Why China will help your portfolio in 2023
In December, I visited Hong Kong for the first time since 2020. Until 2020, Hong Kong had been my home for almost seven years, where I had worked with some of the biggest sovereign wealth funds and real asset owners in the world.
Hong Kong faced challenges before COVID-19 struck. The protests in 2019 had an epicentre out front of my small apartment in Causeway Bay. From there, I watched as the economy ground to a halt, schooling stopped, and we all wondered what the future would bring.
The recession bit Hong Kong hard. And COVID-19 came hot on the heels of the protests. China’s zero-COVID policy lay across Hong Kong deepening its recession. China itself has been in recession for most of 2022.
In October last year, I highlighted that China was reopening. I expected the Hong Kong-mainland borders to reopen and for that to be a catalyst to end China’s recession. As I was in Hong Kong in December, China’s rollback of its zero-COVID policy and the knock-on effects for Hong Kong’s own reopening became evident. Despite western media remaining sceptical, it became increasingly clear that China would support its reopening at all costs. And that means China’s equity market has considerable upside through 2023.
China was in recession through 2022
China’s recession through 2022 reflected the widespread lockdowns imposed by China’s zero-COVID policies. Chart 1 shows that the manufacturing PMI spent most of its time in contractionary territory, while GDP growth sank below 3.0%.
Chart 1: China suffered recession through 2022
China’s monetary and fiscal policy became outright supportive
In early December, I shared a wire describing how China’s authorities used the policy headroom they had to ease monetary and fiscal policy. This helped prevent a much worse recession. But it was never going to be enough on its own to drive a recovery. A true recovery could only be led by reopening.
Chart 2: China eased monetary policy progressively through 2022
Focus on the internal border
I wrote in October last year that reopening in China was already happening. When I arrived in HK in December, it was obvious that for the most part, Hong Kong was open for business.
Over my week in town, I spoke with China analysts, fund managers and employees at Chinese state-owned enterprises, and it was obvious that Chinese authorities had well and truly moved beyond zero-COVID. It was no longer mentioned by any serious mainland analyst, nor by any Chinese authority.
But the real reopening to keep an eye out for is the internal border. That will bring Chinese nationals back to Hong Kong. It will stoke tourism, capital and goods flow between the second-largest economy in the world, and Hong Kong, the gateway to that economy. And when that happens, China’s economy will roar out of recession.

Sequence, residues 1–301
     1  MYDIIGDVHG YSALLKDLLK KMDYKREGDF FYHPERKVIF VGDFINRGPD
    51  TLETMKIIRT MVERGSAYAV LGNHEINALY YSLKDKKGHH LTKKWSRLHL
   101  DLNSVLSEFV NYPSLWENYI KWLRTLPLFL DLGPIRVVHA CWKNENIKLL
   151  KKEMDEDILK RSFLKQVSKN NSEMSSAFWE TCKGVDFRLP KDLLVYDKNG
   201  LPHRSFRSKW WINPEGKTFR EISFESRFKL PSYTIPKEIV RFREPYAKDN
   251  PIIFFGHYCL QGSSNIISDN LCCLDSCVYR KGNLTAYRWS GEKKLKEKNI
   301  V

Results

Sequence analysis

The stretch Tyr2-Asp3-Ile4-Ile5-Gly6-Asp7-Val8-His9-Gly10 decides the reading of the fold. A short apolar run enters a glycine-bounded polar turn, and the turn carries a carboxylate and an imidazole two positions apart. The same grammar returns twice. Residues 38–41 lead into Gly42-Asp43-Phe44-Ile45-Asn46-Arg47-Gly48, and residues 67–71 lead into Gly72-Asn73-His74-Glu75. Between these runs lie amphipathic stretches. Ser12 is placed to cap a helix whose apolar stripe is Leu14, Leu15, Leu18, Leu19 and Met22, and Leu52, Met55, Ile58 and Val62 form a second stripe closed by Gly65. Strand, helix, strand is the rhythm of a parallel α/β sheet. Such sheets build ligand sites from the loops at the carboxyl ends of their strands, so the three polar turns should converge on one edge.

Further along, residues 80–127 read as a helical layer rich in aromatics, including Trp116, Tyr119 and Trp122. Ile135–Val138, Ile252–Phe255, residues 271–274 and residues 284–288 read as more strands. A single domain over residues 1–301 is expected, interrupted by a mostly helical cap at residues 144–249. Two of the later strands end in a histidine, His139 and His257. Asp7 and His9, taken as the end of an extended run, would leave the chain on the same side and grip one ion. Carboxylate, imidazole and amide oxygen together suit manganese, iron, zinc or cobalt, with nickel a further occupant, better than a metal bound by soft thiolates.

Pent-up demand is coming
The real story for China will be pent-up demand from mainland households. Chart 3 shows how critical China tourism is for Hong Kong. More importantly, tourism is a bellwether for Chinese discretionary demand. I expect that like every country that has reopened, there is a lot of pent-up demand waiting to be unleashed by Chinese households that have had nothing to spend on for almost three years. As the orange line surges higher through 2023, China is going to be leaving recession in the rearview mirror.
Chart 3: Keep an eye on HK tourism to gauge the release of pent-up demand
What does it mean for my portfolio?
Chart 4 shows that Chinese equities collapsed through 2022 as valuations moved to reflect the deep recession in China and Hong Kong. Foreign capital treated China as “un-investable” and western media and analysts were deeply sceptical about the prospects for reopening.
Chart 4: China equities collapsed in 2022, pricing in the recession
But back in December, it was increasingly clear that China was reopening. Policies changed. And pent-up demand being released from China is set to be the big story for 2023. Investors will need to gauge how this will support global growth, impact global inflation, and reprice global assets.
China’s importance will rapidly reverse the concern that China is un-investable, and attract capital into China’s equity market. And we think that will be a critical story through the rest of 2023 - making Chinese equities an important source of alpha for investors.
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